Dosage

There is no clinical evidence to support a specific potato dosage. The widespread use of the tubers as food is tempered by the occurrence of toxic glycoalkaloids, especially in sprouting potatoes.

Excessive consumption of potatoes in people with severe renal function impairment may lead to hyperkalemia, although dicing and boiling reduces the potassium content. 6 , 17 , 18

Studies among volunteers suggest that adverse GI symptoms result from total glycoalkaloid concentrations of 2 to 5 mg/kg body weight. 3 , 9 The biological half-life of alpha-solanine has been estimated to be 10.7 hours, and 19.1 hours for alpha-chaconine. 8 , 9 A recommended acceptable level of total glycoalkaloid concentration in commercial potato cultivars is not more than 200 mg/kg fresh potato, but the safety of this level is disputed and has not been officially adopted in the United States. 3 , 10

Pregnancy/Lactation

Generally recognized as safe when used as food. Avoid excessive consumption because safety and efficacy are unproven.

The contribution of potato glycoalkaloids to neural tube defects has been explored. Animal studies have shown the ability of potato glycoalkaloids to induce spina bifida, anencephalopathy, embryo toxicity, and teratogenicity. However, studies in pregnant women whose fetuses exhibited neural tube defects had lower serum levels of glycoalkaloids compared with those of unaffected women. 3 , 28

Interactions

None well documented. 10 In experiments with rabbits, potato glycoalkaloids enhanced the neuromuscular blocking action of the anesthetic mivacurium. 3 The relevance of protease inhibitors found in potatoes is unclear. 25 , 27

Adverse Reactions

Case reports exist of anaphylaxis to cooked and raw potato. Allergic reactions include atopic dermatitis, contact dermatitis, rhinitis, and wheezing. 29 , 30

GI adverse effects (eg, abdominal pain, diarrhea, nausea, vomiting) have been reported and are generally associated with the consumption of blighted, greening, or sprouted tubers. 3 , 9 , 10

Toxicology

Acrylamide and glycoalkaloids are the two primary toxins associated with potatoes.

The highest dietary exposure to acrylamide in man comes from potatoes, cereals, and coffee. 12 Acrylamide presence in foods is a consequence of a heat-induced reaction between asparagine and reducing sugars, known as the Maillard reaction. The relative levels of these precursor chemicals, which themselves are dependent on the cultivar, growing conditions, harvest time, and storage, determine the final acrylamide concentration in the potato. 12 The heat intensity and cooking method are directly related to the formation of acrylamide. Boiled and baked potatoes generally have less acrylamide, whereas French fries and potato and tortilla chips have a higher acrylamide content. 11 , 12

A maximum acceptable exposure level has not been determined, and a direct association between dietary acrylamide and cancer has not been established, despite animal experiments demonstrating genotoxicity. 11 Epidemiological studies have found no association between acrylamide consumption and breast cancer in women, 31 , 32 and likewise no association between acrylamide intake and colorectal cancer in men. 33

Glycoalkaloids have been implicated as teratogens in animal studies. In vitro experiments have shown glycoalkaloids to inhibit human serum cholinesterases, and in case studies of toxicity related to potato consumption, effective plasma cholinesterase levels were low. 3 , 10 Symptoms associated with this effect include weak, rapid pulse; rapid and shallow breathing; delirium; and coma. Reports of death exist, especially associated with the consumption of blighted, greening, or sprouted tubers. More commonly, GI adverse effects are reported, including abdominal pain, diarrhea, nausea, and vomiting. 3 , 9 , 10 Interference by glycoalkaloids on the transport of calcium and sodium ions across cell membranes and the disruption of cholesterol-containing cell membranes has also been reported. 10 , 34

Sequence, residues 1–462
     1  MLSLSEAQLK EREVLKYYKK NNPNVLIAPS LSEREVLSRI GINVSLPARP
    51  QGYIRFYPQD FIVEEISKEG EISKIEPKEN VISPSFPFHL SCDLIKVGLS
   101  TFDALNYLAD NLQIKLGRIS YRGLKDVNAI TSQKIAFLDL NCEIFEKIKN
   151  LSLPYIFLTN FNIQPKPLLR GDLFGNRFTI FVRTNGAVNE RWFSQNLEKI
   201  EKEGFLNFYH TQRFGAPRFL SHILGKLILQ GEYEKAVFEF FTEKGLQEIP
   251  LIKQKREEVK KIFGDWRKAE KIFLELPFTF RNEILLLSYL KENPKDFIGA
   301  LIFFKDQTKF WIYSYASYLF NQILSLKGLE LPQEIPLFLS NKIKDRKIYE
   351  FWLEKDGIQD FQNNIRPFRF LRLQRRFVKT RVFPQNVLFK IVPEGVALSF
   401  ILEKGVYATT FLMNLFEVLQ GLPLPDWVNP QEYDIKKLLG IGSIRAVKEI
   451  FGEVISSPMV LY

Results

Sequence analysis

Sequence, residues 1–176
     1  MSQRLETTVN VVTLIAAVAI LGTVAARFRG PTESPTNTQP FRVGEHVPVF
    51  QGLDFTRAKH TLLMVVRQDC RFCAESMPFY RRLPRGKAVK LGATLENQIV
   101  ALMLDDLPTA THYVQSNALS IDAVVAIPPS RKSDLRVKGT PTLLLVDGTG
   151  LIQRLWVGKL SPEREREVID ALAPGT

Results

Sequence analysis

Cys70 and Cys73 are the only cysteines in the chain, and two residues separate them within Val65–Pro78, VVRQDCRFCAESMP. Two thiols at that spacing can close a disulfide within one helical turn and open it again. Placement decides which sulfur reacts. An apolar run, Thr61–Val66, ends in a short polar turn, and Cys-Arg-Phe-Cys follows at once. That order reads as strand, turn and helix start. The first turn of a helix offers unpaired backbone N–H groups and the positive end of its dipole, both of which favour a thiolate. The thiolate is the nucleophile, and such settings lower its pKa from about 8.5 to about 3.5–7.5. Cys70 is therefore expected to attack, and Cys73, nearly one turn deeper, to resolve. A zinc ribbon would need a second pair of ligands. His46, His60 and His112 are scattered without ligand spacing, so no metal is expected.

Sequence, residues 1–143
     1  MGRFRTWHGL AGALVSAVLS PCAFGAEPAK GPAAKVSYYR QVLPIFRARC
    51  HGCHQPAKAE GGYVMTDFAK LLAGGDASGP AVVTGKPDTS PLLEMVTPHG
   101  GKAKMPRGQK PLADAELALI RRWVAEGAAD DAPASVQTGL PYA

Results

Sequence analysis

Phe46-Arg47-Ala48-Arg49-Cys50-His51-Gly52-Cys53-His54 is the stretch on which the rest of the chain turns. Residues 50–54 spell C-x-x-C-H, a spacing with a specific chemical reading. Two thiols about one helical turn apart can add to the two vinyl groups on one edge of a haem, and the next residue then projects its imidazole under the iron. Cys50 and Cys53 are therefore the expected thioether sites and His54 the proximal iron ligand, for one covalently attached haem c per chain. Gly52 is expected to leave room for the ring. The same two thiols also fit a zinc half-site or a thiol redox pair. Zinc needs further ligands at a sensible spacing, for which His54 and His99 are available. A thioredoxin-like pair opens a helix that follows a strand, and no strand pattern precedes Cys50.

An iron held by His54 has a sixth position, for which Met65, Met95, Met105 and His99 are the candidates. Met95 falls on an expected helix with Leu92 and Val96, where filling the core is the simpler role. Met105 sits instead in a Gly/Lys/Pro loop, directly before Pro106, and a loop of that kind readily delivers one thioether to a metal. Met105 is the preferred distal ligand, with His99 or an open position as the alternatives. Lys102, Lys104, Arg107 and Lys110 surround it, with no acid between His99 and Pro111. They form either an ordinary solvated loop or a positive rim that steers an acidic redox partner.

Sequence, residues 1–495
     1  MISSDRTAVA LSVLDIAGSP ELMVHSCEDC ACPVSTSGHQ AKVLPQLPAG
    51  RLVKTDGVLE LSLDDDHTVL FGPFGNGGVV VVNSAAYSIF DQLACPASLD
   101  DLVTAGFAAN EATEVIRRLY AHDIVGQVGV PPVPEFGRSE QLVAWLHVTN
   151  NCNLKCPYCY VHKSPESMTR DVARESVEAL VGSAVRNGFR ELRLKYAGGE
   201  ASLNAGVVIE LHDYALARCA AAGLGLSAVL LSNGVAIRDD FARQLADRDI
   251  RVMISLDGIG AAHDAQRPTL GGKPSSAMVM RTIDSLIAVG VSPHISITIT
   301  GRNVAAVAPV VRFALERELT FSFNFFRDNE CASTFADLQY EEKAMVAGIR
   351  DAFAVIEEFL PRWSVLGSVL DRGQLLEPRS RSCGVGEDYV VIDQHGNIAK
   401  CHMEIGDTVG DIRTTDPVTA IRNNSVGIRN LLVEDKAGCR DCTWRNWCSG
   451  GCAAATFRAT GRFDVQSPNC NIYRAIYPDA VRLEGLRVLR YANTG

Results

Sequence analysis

The glycoalkaloids solanine and chaconine are found in potatoes; however, the total glycoalkaloid content depends on the cultivar of the potato, as well as postharvesting exposure to light and heat and the processing methods for cooking and consumption. 3 Boiling potatoes reduces the glycoalkaloid content by approximately 3%, microwaving by 15%, and deep frying by amounts of up to 40%. Potato fries, chips, and flakes commercially available contain variable amounts of glycoalkaloids. Concern has been raised regarding frying processes, especially with regard to the frequency with which the oil used for frying is changed. The oil can become saturated with glycoalkaloids and diffusion back into the potato can occur, increasing the glycoalkaloid level. 3

Bibliography

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2. Mabberley DJ. The Plant-Book . Cambridge, England: Cambridge University Press; 1987.
3. Friedman M. Potato glycoalkaloids and metabolites: roles in the plant and in the diet. J Agric Food Chem . 2006;54(23):8655-8681.
4. Boyd E, Shimp LA, Hackney MJ. Home Remedies and the Black Elderly: A Reference Manual for Health Care Providers . Ann Arbor, MI: Institute of Gerontology and College of Pharmacy, University of Michigan; 1984.
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7. Hatzis CM, Bertsias GK, Linardakis M, Scott JM, Kafatos AG. Dietary and other lifestyle correlates of serum folate concentrations in a healthy adult population in Crete, Greece: a cross-sectional study. Nutr J . 2006;5:5.
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34. Mandimika T, Baykus H, Poortman J, Garza C, Kuiper H, Peijnenburg A. Induction of the cholesterol biosynthesis pathway in differentiated Caco-2 cells by the potato glycoalkaloid alpha-chaconine. Food Chem Toxicol . 2007;45(10):1918-1927.